Scaling Large Texture Images when using ColladaImport

I'm trying to use the ColladaImporter to load a model of a building from Google's 3D Warehouse, which unfortunately uses satellite imagery to provide the roof of the building.  An example of the dimensions of one of the texture images is 4800 x 3183.  I'd like to scale these images before using the model.  I know that I can walk the nodes to find the offending textures, but I was wondering if there was a better way.  I'm imagining that at some point, I'll find models that sure these large images and it would be useful to correct them before they are cached.

You might be able to use a custom resource locator for this.  You could basically load up the image in your locator and test the size, maybe even rewrite and send on the url to a new image instead.

Using a customized ResourceLocator would allow for the loaded/cached image to be controlled.  Since the ResourceLocator only returns a URL to the resource based upon the path, the scaled image would have to be URL addressable. 

  • The customized ResourceLocator could actually scale the file and then return a URL to a temporary file.  This would work, but the use of a temporary file would mean that the returned URL would have an indeterminate shelf-life.

  • References within the Collada file currently cause the ColladaImporter to clone the Texture.  This is achieved by using the BinaryExporter to persist the instance and then reading the result using the BinaryImporter.  This sends the path parts of the URL (which could be quite different from the original path) back through the ResourceLocators.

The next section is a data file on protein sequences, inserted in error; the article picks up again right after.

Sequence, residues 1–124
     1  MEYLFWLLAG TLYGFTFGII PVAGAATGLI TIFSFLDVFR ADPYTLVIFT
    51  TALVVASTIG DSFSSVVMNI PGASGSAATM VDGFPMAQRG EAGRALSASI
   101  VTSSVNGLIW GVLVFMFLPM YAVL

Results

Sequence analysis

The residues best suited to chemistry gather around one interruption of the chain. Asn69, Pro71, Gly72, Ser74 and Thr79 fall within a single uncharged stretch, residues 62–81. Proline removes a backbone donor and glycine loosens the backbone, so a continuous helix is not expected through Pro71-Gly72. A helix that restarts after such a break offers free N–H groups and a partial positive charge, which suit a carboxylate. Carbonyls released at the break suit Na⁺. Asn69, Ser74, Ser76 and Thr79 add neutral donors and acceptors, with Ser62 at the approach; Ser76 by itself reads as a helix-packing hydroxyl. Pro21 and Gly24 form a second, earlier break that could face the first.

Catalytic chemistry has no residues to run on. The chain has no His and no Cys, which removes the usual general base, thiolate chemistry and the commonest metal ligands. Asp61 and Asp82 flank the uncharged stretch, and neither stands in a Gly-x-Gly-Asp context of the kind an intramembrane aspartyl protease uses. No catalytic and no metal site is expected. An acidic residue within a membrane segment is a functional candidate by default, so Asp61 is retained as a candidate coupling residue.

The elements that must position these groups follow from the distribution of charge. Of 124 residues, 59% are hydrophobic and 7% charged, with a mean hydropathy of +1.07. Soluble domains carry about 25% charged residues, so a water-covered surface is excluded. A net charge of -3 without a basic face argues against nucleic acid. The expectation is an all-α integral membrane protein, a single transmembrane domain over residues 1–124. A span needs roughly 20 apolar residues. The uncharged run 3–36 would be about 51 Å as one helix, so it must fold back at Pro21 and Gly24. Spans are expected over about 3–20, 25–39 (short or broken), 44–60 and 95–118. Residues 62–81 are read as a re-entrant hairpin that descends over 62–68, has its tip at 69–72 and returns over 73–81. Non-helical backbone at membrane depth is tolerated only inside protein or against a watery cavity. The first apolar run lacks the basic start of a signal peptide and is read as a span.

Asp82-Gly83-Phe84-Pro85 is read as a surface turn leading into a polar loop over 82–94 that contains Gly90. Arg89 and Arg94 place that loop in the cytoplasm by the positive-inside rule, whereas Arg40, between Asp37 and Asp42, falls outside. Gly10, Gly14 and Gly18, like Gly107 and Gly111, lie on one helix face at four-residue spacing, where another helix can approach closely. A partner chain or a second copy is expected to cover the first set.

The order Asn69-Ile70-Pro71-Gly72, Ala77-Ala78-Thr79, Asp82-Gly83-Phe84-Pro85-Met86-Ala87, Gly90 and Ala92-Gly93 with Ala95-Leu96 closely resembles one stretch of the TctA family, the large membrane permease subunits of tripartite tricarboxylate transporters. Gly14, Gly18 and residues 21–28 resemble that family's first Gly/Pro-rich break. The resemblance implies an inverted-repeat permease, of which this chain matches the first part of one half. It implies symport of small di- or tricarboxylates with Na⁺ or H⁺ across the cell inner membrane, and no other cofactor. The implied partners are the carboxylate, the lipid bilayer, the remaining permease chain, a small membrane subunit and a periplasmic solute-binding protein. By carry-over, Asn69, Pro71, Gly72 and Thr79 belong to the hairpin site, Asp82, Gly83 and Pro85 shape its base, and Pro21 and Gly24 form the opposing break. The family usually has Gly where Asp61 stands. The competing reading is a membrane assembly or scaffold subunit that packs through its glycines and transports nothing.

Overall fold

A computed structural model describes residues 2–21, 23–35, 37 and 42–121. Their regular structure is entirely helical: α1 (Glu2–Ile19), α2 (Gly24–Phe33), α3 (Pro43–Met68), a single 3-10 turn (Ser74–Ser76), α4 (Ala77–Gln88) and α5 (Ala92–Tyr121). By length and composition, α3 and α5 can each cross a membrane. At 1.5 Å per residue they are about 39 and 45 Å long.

I think that all of this points to flaws in the current resource location process.

  • The ResourceLocator has no contextual information.  In the example of the Collada file, the images are relative to the location of the model DAE file (i.e. "../images/roof.jpg").  However, I could very easily be loading several independent models, each of which happened to use the same path (all of the building models have a relative reference to "../images/roof.jpg").  Since the paths are non-unique, I'm not sure how to handle this case.

  • The BinaryExport process is writing the location of the resource, which is a URL, but is still using the ResourceLocators.  If the ResourceLocator is intended to be used to convert a path into an addressable URL, then once the URL has been determined then the ResourceLocator should not be needed.

  • Building a caching mechanism for the located resources would be difficult since parts of the originally located URL are not passed into the ResourceLocator mechanism.

  • Using the combination of BinaryExport and BinaryImport between runs of the application would be dependent upon non-persisted aspects of the running instance of the application (e.g. the ResourceLocation list).  This would be fine for cases where the model and textures are locally controlled, but would be problematic in cases where the models are dynamically loaded from multiple web site.

The complete resource picture would handle the following cases:

  • Textures and other resources could be relatively referenced from the owning model.  This is a obviously a common practice for exported models, and would apply to both local file system cases as well as web addressable models.

  • Textures and other resources could use absolute references.  This would be commonly used for shard resources.

  • Support for a default set of resource locations.  This would apply to simple games where all resources are locally controlled.

  • Load a shared resource only once.

  • Handle independent resources with the same relative path.

  • Optionally allow for local caching of web addressable resources.

I was able to use an ImageLoader with TextureManager to handle scaling the image before it is cached by the TextureManager.

TextureManager.registerHandler(".jpg", new ImageLoader() {

   public Image load(InputStream is) throws IOException {
      BufferedImage image =;

      if (image.getWidth() < 3900) {
         return TextureManager.loadImage(image, true);
      } else {
         return TextureManager.loadImage(image.getScaledInstance(
               512, 512, BufferedImage.SCALE_DEFAULT), true);

I still believe that the BinaryExport/BinaryImport combination used to clone the texture should not need to call the ResourceLocator.